Friday, October 28, 2011

End of Silver Gelatin Prints at the Library of Congress

Start of a glide, Orville and Wilbur Wright, collection of the Library of Congress

My recent article for Washington City Paper is this week's arts feature. You'll need to read it before reading the blog post.

Initially a 2800+ epistle was whittled into a 1500-word essay, and stands as another testament to the relationship between writer and editor. I've been lucky enough to do some freelance writing for CP for the last 16 months, and Jonathan Fischer has been a heckuvan editor (not to take anything away from Erin Engstrom and Ally Schwartz, who have edited most of my smaller ditties for City Lights). I don't know if he has made me a better writer, but he has certainly made my writing look better in print.

Two elements didn't make the print edition.I thought I would share them here.

The first bit was about Jantzen in the 1980s. His first job was working as a preservation technician for the Library of Congress.
The negatives he worked from were not the original negatives. Jantzen knows this first
hand; he used to be employed by the Library in the 1980s as a contracted preservation
technician. One of his responsibilities was quality control on negative duplication. “Part
of my job was to make certain the duplicate matched up with the original. You know. No
big hairs [on the duplicate negative].” Because materials become brittle as they age, the
Library of Congress duplicated the negatives in their collection so they could continue
to provide duplicate prints of work in the collection without damaging the primary
artifact. “When I first heard of it I thought it was bull shit – that you could not have a
duplicate that would behave the same as the original. And, I was stunned [ at the result].”
He wondered what it would be like to print with the duplicate. 20 years later, he became
that guy.

The second bit that was not included was a note on the developing process.

The process of developing a silver gelatin print lacks the immediacy of digital
photography. The film, a negative image, is dusted off and set in the negative carrier,
which is then placed in the enlarger. Light shines through the negative and projects an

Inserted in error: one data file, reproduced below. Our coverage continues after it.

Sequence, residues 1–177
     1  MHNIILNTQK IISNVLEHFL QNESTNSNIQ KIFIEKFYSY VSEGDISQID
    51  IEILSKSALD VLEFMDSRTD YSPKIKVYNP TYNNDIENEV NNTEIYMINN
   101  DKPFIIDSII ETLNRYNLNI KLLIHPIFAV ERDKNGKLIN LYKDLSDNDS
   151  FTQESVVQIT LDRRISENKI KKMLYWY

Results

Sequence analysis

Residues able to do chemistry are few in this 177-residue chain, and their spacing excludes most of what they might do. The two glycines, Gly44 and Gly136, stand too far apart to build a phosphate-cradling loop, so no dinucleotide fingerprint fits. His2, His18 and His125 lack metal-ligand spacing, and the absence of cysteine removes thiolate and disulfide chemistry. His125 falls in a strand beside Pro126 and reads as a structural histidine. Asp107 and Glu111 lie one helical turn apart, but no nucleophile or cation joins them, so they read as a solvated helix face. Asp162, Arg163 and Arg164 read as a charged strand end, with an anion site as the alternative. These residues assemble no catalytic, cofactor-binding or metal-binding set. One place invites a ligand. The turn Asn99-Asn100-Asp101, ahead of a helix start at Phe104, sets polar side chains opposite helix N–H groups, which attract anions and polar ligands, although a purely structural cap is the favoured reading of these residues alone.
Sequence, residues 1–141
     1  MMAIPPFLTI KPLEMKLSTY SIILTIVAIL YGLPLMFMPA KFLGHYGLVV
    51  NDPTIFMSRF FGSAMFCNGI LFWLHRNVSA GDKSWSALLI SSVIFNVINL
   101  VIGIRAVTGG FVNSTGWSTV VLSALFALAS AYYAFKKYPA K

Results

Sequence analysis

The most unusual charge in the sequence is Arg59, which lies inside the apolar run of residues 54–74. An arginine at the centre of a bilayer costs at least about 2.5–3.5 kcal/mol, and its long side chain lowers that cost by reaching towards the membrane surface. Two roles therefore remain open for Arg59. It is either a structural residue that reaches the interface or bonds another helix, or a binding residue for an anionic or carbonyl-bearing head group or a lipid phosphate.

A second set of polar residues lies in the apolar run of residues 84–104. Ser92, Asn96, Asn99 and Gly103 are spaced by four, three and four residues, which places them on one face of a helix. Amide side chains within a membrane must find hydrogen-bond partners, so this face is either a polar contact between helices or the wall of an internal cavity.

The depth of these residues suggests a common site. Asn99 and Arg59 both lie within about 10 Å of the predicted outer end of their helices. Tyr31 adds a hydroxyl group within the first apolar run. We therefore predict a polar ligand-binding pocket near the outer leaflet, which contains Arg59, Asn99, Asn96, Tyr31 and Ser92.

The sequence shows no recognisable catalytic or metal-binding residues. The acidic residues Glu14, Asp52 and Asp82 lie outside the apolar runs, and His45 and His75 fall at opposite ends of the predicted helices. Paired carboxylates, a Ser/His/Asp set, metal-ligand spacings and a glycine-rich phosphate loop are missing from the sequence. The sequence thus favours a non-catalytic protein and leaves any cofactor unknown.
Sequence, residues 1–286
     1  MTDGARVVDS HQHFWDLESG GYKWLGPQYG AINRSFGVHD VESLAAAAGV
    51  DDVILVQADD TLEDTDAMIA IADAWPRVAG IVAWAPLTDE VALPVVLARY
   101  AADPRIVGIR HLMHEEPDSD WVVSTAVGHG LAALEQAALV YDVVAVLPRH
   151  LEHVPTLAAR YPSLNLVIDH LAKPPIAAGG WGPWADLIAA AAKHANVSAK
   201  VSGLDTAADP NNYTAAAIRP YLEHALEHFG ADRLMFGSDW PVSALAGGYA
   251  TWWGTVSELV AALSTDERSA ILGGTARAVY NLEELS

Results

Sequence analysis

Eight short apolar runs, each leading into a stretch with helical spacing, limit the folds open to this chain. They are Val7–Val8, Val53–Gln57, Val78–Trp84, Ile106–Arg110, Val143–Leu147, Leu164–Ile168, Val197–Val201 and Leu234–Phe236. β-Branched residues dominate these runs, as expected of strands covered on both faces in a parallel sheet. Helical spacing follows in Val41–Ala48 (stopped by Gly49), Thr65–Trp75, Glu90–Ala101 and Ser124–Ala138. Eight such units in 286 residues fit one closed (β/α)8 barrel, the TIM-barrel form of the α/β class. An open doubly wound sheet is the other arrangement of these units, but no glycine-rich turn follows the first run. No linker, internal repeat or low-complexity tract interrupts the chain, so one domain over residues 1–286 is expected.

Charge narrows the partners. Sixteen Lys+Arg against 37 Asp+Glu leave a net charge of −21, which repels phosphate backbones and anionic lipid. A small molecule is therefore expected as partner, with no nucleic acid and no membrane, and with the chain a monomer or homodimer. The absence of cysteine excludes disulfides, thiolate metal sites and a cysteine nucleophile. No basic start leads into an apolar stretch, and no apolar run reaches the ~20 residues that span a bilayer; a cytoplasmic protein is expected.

image onto an easel below. To figure out the right exposure, a single sheet of silver
gelatin paper is placed on the easel, and strips are exposed to various durations of light.
The paper is developed through successive liquid baths, which reveal the image and
desensitize the strips of silver within the paper to any further exposure to light. The
various strips determine contrast and brightness, and allows Jantzen to make an informed
decision about how long to expose the print. That first print he likens to a rough draft. Usually
those are good enough for a basic print. However, since he does not know what client
requested the image from the Library of Congress, he has to assume the print must be
exhibition quality.

A second print is exposed, and Jantzen goes through steps called dodging and burning.
Dodging is a process of blocking light to allow more detail to appear within darker
sections of the print. Burning is a process of over-exposing very light sections of the
print, again to allow more detail in those areas of the composition. . “If there was a slight
difference between an almost perfect print and a perfect print, I’ll expose more paper.”
Detailed notes are taken throughout the process. In the end, the prints that require it will
receive spotting and etching. Spotting is the process of adding dabs of dye to the print to
obscure dost spots that affixed to the negative when the original negative was initially
processed. Etching is the process of taking a knife to the final print an scraping away bits

of silver gelatin to reveal more details and value within the darkest parts of the print. The
final step involves toning the prints to give them a warmer quality. 

On a final note: One thing I constantly find of interest is how quickly digital has evolved. This might be the reason why I have chosen to write about the issue with the Library of Congress as well as an early critique of the Photo Annual at Artisphere. I bought my first digital camera in 2003. It was a 5 megapixel (mp) point-and-shoot (pas) and it cost $800 refurbished. Today 5 mp is standard on an iPhone and you can buy a 16 mp pas for around $100.

Sunday, October 23, 2011

I Got Vandalized

In April, Christopher Knight via the L.A. Times CultureMonster blog tossed some criticism toward the Washington City Paper (specifically Kriston Capps, Jeffry Cudlin, and I), for an article that made fun of an unsuccessful attack on a Gauguin painting. (Unfortunately we couldn't become web-famous for a day, because he didn't mention us by name... he did call us dumb.) The biggest offense in our blog post was not that we pretended there were other works of art we'd destroy first, but that I claimed to defacing a Sol LeWitt wall drawing weekly. (Which is ludicrous on many levels.) Several other art blogs were upset at us because they expected better. Perhaps they were right. (Though, in our defense, I still maintain that we wrote the piece for the blog of a weekly tabloid four days after April Fool's Day, and that the tabloid gets a large sum of revenue from "adult" shops. The New York Times the Washington City Paper is not.)